Saturday, February 1, 2014

I'll take one Double Irish, and better throw a Dutch sandwich in there

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If you never thought that accountants could architect great works just like Gaudí or some other famous architects who I can’t possibly name, you need to think again. Today we are going to talk about a tax avoidance (not evasion) system that when you first hear it, may be somewhat complex, but I’ll do my best to dumb it down to our simpleton level. This is the infamous “Double Irish with a Dutch Sandwich (DIWDS).” Yes I know it sounds like some crazy sexual act, or something you might purchase at Starbucks, but in fact it is a strategy that has prolonged the payment of US corporate tax for many of the behemoth tech companies we know and love today. I suggest you pay attention because this is currently an issue that is being debated, guaranteed a company you love is using it, involves a lot of countries, and involves a LOT of money. After reading this, you will be able to debate your position on the issue more effectively.

Let us use my favorite “example company” from college business classes as our protagonist in this explanation. XYZ Corp, headquartered in the US, is a company who sells “widgets.” This company happens to be very successful, and thus faces a large bill from Uncle Sam on their revenues.  What they can do is set up the first of the “double Irish” companies in Ireland, sell the intellectual property to it for royalty fees and make it a tax resident of a “tax haven” by transferring central management and control to that “tax haven,” usually in Bermuda or the Cayman Islands (tax rate 0%.) They then set up a second Irish shell company as a wholly owned subsidiary of the first with tax residence in Ireland, and license the rights to that intellectual  for royalties or fees. The second Irish company who is the one that takes in the profits at the applicable competitive Irish tax corporate tax rate of 12.5%.

To take this a step further, lets add the Dutch Sandwich. So we have our US headquarters and our two Irish subsidiaries. Now XYZ corp sets up another subsidiary in the Netherlands (who have very competitive tax laws) and sends all the profits to that company. This is because “Ireland does not levy withholding tax on certain receipts from European Union member states.” Money that is needed for regular expenses is sent back to the Irish subsidiary with Irish tax residence, and the rest of the money is sent to Bermuda, by way of the other subsidiary. Because why pay Ireland’s 12.5%, when you can pay Bermuda’s 0%.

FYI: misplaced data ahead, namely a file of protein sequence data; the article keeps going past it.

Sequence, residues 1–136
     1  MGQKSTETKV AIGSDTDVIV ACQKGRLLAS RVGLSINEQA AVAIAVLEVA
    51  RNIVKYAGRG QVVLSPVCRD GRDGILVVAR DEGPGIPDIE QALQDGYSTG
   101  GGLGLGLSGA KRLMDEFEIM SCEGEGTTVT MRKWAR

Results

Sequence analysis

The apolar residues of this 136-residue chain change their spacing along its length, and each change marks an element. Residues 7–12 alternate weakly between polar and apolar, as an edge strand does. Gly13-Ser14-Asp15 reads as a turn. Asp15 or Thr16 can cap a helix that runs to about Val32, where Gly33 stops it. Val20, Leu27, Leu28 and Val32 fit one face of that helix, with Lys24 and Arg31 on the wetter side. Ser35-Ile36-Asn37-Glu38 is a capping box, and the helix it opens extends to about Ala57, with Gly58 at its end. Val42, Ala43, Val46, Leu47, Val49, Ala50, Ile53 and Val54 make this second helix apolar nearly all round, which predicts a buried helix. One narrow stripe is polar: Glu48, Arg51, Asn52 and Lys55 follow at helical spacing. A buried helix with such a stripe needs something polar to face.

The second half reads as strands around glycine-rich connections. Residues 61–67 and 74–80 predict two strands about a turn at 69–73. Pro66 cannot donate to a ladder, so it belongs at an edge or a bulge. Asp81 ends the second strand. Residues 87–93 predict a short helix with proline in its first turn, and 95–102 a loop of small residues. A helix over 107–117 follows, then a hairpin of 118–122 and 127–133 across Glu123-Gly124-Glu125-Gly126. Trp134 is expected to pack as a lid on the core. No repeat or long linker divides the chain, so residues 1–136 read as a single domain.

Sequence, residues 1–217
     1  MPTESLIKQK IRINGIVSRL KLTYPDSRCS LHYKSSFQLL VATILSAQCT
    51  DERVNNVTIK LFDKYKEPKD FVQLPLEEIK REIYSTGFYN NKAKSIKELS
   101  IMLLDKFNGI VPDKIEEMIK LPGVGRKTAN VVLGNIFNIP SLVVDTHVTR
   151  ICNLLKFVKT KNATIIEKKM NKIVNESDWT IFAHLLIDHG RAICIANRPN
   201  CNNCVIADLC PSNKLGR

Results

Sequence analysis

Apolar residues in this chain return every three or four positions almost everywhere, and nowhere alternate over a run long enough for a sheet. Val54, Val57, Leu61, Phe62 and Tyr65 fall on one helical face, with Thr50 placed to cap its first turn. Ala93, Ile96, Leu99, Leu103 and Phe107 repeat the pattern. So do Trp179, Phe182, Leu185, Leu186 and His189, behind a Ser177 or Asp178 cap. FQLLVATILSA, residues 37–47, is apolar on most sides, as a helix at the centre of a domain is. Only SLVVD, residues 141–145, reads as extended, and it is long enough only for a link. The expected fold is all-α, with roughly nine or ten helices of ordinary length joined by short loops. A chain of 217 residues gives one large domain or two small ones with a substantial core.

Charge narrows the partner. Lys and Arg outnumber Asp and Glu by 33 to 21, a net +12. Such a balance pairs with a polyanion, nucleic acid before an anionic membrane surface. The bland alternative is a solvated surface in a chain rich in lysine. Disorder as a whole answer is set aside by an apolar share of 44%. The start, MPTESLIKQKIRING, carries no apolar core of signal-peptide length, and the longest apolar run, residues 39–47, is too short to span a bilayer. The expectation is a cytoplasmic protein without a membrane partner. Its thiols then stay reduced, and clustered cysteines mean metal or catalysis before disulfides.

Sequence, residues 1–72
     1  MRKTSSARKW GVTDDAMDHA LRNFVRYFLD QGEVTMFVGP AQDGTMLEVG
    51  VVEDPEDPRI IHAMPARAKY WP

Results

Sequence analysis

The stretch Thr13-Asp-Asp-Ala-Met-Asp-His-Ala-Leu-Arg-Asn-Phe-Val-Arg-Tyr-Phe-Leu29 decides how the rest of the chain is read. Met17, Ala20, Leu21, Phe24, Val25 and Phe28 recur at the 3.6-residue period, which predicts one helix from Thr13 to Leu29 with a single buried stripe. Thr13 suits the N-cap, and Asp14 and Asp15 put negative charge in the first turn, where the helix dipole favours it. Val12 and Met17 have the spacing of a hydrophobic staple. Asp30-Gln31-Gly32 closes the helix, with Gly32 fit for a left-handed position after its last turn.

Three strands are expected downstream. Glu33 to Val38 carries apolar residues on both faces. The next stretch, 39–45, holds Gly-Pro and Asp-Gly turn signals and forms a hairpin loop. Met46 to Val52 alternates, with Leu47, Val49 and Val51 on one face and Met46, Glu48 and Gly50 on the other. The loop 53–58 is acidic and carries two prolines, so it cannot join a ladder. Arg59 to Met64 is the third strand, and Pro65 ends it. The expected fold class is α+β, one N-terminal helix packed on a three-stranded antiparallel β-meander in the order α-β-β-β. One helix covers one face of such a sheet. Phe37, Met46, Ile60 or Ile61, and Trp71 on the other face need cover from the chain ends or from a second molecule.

Some things to keep in mind here are that the money sent through this system is from the sales of the goods or services OUTSIDE THE US. This is not possible if the income can be shown to be booked within the United States. Also, if the company wishes to bring the cash back into the US, it must pay repatriation tax. So basically, XYZ corp is just delaying its tax bill, not really avoiding it.

The US has about a 40% corporate tax rate (35% for federal + ~5% weighted average for the different states. When you look at the rest of the world, this is dog shit, or at least not competitive. But on the contrary, we probably have greater infrastructure needs that require capital higher than other countries. So this is kind of where the debate starts; should we make companies pay more or less. Either way, companies see these tax rates too, and try their hardest to avoid them (not evasion like I said before, but avoid. The DIWDS is completely legal btw. ) A corporation’s first responsibility is to provide a positive return to their shareholders, and reducing their tax liability helps do just that.

The DIWDS is pretty much reserved for tech companies from my research. This is because tech companies’ business units can be purely intangible goods, where they can make money from intellectual property (patents, trademarks, copyrights, etc,) licensing their software, or downloads from the cloud as a few examples. A grocery store simply cannot set up a shell corporation in Bermuda, and honestly say that that shell corporation had anything to do with the sale of the goods in BFE, USA. But a tech company can…….

My research yielded little in the way of the history behind the DIWDS, but I did learn that Apple was one of the pioneers of the strategy way back in the 1980’s. And not only was Apple one of the pioneers of the strategy, they are one of the biggest defenders today of the strategy. 

Tim Cook, Apple’s CEO, has testified before Congress in favor of lowering the corporate tax rate, or giving corporations a repatriation tax holiday, where the companies who have income overseas that they want to bring back to US soil can, for a limited amount of time, pay a discounted tax rate or no tax rate at all. In fact, Apple last year took out a loan (even though they have more than enough cash to foot the bill) to pay for the dividends to the shareholders of their stock. The repatriation taxes they would have paid to Uncle Sam would have been more than the interest they would have paid on the loan. So, they basically enriched the banks, instead of the coffers of our country because it made sense financially to do that.  And that is where the debate comes from, should we have incentives for companies to look after their shareholders, or the country?

I hope this got you thinking at least a little bit. I first learned about this topic back in college when some of my peers and I were doing a competition called xTax . We BS’ed our way through a PowerPoint presentation for some PricewaterhouseCoopers partners, and we used the DIWDS as one of our contentions. It is tough to understand just the basics of the movement of money, let alone the global impact. But it is something that we will surely see again in the news, sooner than later.


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